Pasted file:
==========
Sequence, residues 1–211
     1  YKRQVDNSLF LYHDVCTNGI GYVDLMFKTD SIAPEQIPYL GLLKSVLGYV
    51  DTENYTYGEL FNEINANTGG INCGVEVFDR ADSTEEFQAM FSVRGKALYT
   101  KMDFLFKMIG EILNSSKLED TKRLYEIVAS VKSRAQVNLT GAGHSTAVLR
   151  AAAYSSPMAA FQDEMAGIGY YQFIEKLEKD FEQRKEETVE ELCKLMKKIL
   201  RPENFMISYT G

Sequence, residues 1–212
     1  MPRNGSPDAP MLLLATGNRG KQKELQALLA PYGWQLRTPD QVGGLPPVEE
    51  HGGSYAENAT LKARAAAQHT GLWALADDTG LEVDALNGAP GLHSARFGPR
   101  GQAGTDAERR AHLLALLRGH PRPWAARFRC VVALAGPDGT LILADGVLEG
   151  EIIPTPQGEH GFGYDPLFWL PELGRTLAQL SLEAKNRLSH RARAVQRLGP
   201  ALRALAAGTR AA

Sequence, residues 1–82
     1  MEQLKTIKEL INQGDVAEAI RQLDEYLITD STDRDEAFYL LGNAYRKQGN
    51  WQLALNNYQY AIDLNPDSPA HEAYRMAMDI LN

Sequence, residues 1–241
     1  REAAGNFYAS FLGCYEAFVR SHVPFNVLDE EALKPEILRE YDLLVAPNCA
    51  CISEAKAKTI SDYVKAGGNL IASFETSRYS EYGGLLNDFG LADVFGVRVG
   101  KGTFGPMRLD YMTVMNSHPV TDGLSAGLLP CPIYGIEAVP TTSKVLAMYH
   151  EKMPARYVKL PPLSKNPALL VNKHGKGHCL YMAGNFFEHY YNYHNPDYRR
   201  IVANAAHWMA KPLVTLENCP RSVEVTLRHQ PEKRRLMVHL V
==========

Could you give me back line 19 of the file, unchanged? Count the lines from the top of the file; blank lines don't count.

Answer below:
   101  KGTFGPMRLD YMTVMNSHPV TDGLSAGLLP CPIYGIEAVP TTSKVLAMYH